The science of OOH audience-based buying (part 2 of 3)

Published: March 19, 2019

In the previous article of our series our CEO, Jonathan Gudai, laid out the huge revenue potential of audience-based buying in OOH. One of the recent innovations for OOH audience insights is mobile phone location data -- where the digital world and physical world intersect. This article will unpack some of the underlying technical elements for how the mobile location data is gathered and how it will be applied for out-of-home advertising campaigns.

Audience measurement in OOH has historically been focused on estimating impression counts through auditing firms, such as Geopath and Nielsen, or via the Department of Transportation reports. Mobile phone location data is focused on a different goal: measuring audience composition in terms of consumer behaviors and interests for devices that travel past or dwell near OOH displays.

Sensor analytics companies such as Linkett, AdMobilize and Quividi also provide audience counting with some additional insights that are collected locally at the OOH display itself. With cameras and Wi-Fi-based detection, audience segments are primarily focused on basic demographics, such as age and gender, along with a few other attributes.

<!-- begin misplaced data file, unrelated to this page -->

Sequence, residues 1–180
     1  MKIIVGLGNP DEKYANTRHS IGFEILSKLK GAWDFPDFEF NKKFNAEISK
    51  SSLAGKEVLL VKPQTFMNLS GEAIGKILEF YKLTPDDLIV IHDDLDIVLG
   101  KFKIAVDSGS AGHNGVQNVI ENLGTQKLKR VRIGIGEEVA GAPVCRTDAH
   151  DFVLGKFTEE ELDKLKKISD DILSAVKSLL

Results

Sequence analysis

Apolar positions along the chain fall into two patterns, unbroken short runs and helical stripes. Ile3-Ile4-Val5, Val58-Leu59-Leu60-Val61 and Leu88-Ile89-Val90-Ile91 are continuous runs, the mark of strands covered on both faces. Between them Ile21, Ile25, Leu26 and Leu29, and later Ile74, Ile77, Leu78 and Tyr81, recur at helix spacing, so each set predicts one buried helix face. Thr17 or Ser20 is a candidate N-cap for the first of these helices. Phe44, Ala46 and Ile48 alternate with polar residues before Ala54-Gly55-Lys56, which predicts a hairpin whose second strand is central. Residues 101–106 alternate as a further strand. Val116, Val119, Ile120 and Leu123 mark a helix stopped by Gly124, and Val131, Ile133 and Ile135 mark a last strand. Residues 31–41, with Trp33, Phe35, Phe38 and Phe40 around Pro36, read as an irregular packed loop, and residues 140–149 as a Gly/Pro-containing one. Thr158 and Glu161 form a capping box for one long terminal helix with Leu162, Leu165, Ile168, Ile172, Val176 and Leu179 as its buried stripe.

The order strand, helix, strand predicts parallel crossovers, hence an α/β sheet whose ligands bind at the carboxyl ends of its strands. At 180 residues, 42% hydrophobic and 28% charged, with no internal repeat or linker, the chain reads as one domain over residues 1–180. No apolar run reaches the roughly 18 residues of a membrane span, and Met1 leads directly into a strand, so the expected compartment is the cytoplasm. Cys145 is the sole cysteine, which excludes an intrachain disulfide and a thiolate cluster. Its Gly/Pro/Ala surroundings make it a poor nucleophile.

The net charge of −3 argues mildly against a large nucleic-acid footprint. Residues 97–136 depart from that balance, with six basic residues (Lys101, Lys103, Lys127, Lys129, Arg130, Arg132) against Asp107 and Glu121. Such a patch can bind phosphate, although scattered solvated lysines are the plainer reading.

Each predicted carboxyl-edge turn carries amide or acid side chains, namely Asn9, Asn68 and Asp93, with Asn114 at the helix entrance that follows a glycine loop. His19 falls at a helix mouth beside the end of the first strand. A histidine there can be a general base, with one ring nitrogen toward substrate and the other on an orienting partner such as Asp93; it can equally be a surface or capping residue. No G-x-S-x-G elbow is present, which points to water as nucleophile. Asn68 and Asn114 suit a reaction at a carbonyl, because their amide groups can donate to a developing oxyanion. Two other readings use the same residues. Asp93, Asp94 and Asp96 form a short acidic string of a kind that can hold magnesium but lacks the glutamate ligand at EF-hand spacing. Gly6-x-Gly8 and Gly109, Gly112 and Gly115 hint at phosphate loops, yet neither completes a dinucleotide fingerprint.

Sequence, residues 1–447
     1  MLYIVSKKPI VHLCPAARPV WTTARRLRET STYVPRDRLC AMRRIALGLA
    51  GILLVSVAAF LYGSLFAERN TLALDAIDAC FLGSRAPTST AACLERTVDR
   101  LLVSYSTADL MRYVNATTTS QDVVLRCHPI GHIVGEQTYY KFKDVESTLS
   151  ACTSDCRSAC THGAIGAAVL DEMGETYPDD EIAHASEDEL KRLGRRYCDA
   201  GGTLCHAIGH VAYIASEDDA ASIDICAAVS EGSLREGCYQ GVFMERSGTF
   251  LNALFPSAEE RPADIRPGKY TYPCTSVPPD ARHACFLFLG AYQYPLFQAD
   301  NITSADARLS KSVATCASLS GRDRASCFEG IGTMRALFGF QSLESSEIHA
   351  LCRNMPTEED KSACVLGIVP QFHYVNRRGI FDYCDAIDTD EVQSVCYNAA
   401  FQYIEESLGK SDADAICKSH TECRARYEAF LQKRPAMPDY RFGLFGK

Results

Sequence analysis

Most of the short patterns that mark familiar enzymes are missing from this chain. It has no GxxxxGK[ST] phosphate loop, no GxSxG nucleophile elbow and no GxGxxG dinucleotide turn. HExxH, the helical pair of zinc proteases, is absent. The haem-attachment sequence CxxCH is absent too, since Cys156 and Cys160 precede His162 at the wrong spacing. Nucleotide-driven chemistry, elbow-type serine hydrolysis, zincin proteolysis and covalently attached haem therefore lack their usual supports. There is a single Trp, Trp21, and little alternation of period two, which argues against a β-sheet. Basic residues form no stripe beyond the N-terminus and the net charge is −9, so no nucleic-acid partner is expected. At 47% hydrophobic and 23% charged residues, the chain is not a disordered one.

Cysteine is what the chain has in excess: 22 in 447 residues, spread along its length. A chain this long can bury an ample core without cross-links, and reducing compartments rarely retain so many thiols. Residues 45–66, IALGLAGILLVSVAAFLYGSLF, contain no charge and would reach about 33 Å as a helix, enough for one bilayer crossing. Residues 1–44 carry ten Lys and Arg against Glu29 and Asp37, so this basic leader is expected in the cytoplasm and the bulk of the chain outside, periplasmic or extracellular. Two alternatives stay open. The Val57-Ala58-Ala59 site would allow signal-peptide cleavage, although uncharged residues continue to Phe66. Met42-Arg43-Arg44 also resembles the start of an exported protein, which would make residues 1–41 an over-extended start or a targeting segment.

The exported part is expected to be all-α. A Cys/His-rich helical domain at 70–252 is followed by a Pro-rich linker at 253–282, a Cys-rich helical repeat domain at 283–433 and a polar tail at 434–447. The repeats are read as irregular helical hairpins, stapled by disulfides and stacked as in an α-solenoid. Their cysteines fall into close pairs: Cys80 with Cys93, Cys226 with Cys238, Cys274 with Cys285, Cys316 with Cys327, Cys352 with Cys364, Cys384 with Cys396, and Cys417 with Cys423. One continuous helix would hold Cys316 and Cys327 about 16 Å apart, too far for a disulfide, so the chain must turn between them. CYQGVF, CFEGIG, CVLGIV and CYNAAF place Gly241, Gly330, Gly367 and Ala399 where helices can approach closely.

Mobile phone location data, on the other hand, unlocks significantly more possibilities for audience segmentation. But how does it really work? How are anonymous location pings converted into insights about audience? Here's what we have learned and some insight into the work we have done to harness the mobile location intelligence data.

Location analytics specialists such as PlaceIQ analyze data from mobile devices, sourced via industry-standard device IDs known as IDFA (Apple devices) and Android device IDs that are, by definition, anonymized in order to protect the privacy of device users. As a further safeguard, PlaceIQ only uses anonymized data that has been collected after an opt-in by users.